answers from Columbia on

I haven't been through this personally, but I've seen a lot of responses from moms who said their kids grew out of this in college when they had more responsibility and more to lose. The problem is, if he starts failing classes now, he may not get in to college. And even if he does, he may not get scholarship money. So, I would talk to him realistically about whether or not he plans to attend college and discuss realistically how his current school performance affects his chances of acheiving that goal. College is getting more and more expensive, and entry to even public schools is getting very competitive, so this is really important.



answers from Atlanta on

You could be talking about MY son at age 7. My son did not care about school... In third grade he did not do ONE homework assignment unless HE was interested in it.

I have done all the battles and stood over and everything else you have mentioned, to no avail. My son has ADHD.

My son would "loose" it on the bus to just not turning it the work... classwork included. So I let the SCHOOL deal with homework/classwork issues.

Now, fast forward to today. My son is a junior in college with a 3.9-4.0 GPA... he has to PAY to learn and takes things VERY seriously. As I told my son, when he began college. "Don't piddle around and mess up, THEY (the college) HAS YOUR MONEY! they don't care if you don't come to class, They don't care if you pass... YOU have to care of it's WASTED MONEY from YOUR pocket."

Now with my daughter, she has ADHD and a host of other anagrams behind her name... that homework is a control issues for her. She doesn't do it, the SCHOOL deals with it. She is on swim team and if she does not bring her grades up, she doesn't get to participate in the actual meets.

Your son KNOWS the homework issues are getting to you and HE has the control. Take it back by saying in a sweet, loving voice, "That's ok honey, you're right, school is boring and no fun. You can practice your domestic living skills, by cleaning.... " or " You can practice manual labor skills by moving...." and have him do chores instead during his homework time.

My bathroom has never been cleaner. :oP




answers from Provo on

When I was in high school I just didnt care. To this day I still dont see why I didnt want to pay attention and didnt care about the grades I received. I now get straight A's in College and wish that I could go back and repair what I did. The BEST thing my mom did for me, which really worked on me, was require that I have my teacher sign off at the end of every week that I had done all of my homework for that week. If not all was done, I was grounded for the entire next week including the weekend. I did amazing in school during those times. When I got older she stopped keeping track and I slacked off. I wish she would have continued but that is my fault for my slacking off and not hers. Try it, it really did wonders for me because a kids freedom is everything.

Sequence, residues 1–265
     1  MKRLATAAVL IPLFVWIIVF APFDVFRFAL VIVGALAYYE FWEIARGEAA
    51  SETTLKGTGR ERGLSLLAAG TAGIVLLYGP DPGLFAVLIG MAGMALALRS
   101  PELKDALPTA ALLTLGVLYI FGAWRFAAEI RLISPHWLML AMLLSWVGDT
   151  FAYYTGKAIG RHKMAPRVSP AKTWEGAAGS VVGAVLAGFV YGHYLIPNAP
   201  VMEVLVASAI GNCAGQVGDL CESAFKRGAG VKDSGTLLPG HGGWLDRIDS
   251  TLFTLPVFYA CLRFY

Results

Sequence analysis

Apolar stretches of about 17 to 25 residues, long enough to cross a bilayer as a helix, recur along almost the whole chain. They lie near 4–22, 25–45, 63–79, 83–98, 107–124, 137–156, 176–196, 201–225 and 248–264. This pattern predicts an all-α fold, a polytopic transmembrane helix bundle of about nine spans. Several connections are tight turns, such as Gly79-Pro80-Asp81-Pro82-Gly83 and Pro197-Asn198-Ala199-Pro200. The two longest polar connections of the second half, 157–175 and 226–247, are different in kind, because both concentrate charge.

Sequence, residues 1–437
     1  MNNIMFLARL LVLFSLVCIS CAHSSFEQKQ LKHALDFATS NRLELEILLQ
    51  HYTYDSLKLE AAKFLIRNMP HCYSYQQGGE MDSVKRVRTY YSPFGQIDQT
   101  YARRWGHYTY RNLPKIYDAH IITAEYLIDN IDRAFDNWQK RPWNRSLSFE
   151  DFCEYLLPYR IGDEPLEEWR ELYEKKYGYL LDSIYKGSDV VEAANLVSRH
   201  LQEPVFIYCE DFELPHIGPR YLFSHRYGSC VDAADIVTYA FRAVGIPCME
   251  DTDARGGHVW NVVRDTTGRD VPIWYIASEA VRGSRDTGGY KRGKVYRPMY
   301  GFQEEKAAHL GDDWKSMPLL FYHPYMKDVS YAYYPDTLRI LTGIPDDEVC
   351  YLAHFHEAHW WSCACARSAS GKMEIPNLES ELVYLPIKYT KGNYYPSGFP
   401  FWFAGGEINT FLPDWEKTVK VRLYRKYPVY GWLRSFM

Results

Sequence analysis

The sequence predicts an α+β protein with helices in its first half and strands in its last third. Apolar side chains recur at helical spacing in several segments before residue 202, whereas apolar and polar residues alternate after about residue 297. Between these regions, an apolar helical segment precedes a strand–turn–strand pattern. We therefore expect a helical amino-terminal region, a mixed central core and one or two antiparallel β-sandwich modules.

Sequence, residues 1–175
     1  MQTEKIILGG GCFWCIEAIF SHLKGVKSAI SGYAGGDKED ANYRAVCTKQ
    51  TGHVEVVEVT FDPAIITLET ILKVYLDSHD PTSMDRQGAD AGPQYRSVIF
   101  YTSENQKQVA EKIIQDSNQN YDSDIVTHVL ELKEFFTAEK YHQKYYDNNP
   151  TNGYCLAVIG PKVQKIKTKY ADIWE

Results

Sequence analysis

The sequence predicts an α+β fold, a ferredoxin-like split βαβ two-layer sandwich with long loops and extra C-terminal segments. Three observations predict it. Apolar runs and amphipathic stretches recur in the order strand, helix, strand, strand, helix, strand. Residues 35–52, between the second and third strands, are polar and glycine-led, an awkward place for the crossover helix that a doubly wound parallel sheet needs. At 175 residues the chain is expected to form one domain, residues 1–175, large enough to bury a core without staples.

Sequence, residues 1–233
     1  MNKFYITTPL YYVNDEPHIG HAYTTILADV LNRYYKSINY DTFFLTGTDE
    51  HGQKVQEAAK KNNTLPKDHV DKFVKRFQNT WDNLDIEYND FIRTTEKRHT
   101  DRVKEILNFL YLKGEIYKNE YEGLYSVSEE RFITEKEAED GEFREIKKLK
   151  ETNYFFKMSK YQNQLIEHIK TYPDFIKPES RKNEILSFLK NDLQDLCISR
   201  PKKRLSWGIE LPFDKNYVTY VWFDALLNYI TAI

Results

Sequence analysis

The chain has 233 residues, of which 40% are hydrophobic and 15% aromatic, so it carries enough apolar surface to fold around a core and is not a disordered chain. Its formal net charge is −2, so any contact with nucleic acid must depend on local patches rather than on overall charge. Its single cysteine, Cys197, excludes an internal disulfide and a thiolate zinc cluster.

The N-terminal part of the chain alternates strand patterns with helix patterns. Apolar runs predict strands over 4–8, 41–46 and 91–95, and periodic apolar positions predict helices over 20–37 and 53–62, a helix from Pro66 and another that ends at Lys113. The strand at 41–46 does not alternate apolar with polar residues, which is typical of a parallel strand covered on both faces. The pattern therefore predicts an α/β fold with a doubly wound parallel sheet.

answers from Atlanta on

I grew out of it during my second year of college LOL. I graduated High School with a 1.8 and college with a 3.5. My parents couldn't motivate me to do well in High School no matter what. It wasn't until I was working towards something I cared about that I started to care. Is there something he really cares about that might motivate him to do better? An extra special reward perhaps. Also try discussing careers and how hard it will be to get into college if he doesn't do well. Unfortunately he is at that I know it all and don't care age so he will be hard to reason with. Hang in there! Sometime, somewhere he will wake up and realize he has to take responsibility for his life.



answers from Atlanta on

Hello A. B. I heart goes out to you.

My suggestion is based on my witness account of what my cousin did with her son. She "randomly" asked him to write a list of occupations he would like to hold in life and things that he would despise doing. She wrote a list of what life consequences could be based on failing school or not doing well in school to include not being able to further your education without going into debt. After he created his list she scripted a story of his life as an adult after just getting by in school. She included the status of the economy and true-to-life situations, interviews, etc... where people receive break-throughs in life only to have them kicked from under them because someone more qualified on paper/knowledge/experience comes into the picture. They acted this out like a play. She discussed with him the disappointment he could face from having to take an unwanted job in order to support himself and/or his family and never gaining the opportunity to pursue the career of his dreams again. This woke him up a bit but didn't completely take full responsibility for his grades.

So, she followed up by taking him to volunteer at a homeless shelter. He discovered that there were several people who actually had experienced similar situations in their lives and were trying to get back on their feet without a good GPA and no technical school or college. She felt blessed that some of the people they spoke to were honest and candid with their stories so that he could really see what happens and that sometimes being hard on your luck is not a result of just the economy or societies ills. This helped him as well.